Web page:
“What a shame,” Moiraine said, and climbed over to where he was standing. She reached out her hand in Janica’s direction. “Give me that ter’angreal, otherwise I’m never going to be able to Heal him,” she paused thoughtfully. “Although I don’t know why I should Heal him, he just used the One Power and I’m pretty sure he didn’t learn that at shit-scrotuming gleeschool.”

“You’re right,” Janica admitted, grudingly handing over the Choedan Kal figurine, “he’s a channeler. We’re trying to get as many male channelers together as possible, because we’re going to need them sooner or later. And he does know a lot of important things because of his classical training.”

“Classical training, my pert little ass,” Moiraine growled, Healed the injured Forsaken with a rough slapping of weaves. Asmodean gasped, and Moiraine tossed the ter’angreal back to Janica. Debs caught it before it could knock the nearsighted damane unconscious.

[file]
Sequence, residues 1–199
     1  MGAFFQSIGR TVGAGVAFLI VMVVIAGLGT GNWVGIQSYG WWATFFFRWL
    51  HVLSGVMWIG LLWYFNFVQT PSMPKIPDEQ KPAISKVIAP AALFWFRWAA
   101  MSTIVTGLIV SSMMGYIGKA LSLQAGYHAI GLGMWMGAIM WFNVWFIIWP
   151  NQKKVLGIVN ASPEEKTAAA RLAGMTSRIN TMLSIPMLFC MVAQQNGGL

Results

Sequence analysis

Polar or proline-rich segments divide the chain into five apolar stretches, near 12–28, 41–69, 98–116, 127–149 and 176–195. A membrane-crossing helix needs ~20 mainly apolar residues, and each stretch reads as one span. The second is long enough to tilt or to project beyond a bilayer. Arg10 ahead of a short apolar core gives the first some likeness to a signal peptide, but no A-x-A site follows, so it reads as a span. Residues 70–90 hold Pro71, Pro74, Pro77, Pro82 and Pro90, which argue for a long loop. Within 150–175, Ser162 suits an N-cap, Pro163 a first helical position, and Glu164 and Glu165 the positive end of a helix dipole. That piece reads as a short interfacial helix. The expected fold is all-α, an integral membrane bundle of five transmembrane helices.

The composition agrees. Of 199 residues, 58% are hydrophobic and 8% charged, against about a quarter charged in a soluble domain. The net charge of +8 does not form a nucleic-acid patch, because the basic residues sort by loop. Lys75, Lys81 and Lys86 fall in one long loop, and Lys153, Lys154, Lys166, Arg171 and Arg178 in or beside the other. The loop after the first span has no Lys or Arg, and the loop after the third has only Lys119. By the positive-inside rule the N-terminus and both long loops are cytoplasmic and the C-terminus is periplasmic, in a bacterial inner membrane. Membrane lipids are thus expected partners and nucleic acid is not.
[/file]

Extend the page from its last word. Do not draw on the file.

“What noo?” she pondered, handing the Choedan Kal back to Janica.

“Nothing else for it,” Janica said, “we’ll have to go into the city and fight street by street.”

Cairhien, by the time they got there, was a disaster area. Trollocs and myrddraal were scattered around, killed by Aiel spears, the obvious handiwork of the Green Man, and the unpleasantly lingering-looking attentions of Cow and Bela. More fighting was going on in various corners of the city, but it seemed like the fight was over.

Or at least, Janica had a nagging suspicion, that it had moved elsewhere.

“What happened here?” Moiraine asked rhetorically, as they sidled down a body-riddled boulevard with Vamps whimpering in their midst. “They can’t have beaten all those Shadowspawn already, surely.”

“I guess it depends,” Janica said, “if the channelers all got free, they might have mounted a resistance movement, freed the prisoners from their cages, and joined forces with the Aiel … I don’t know. There’s something not right here.”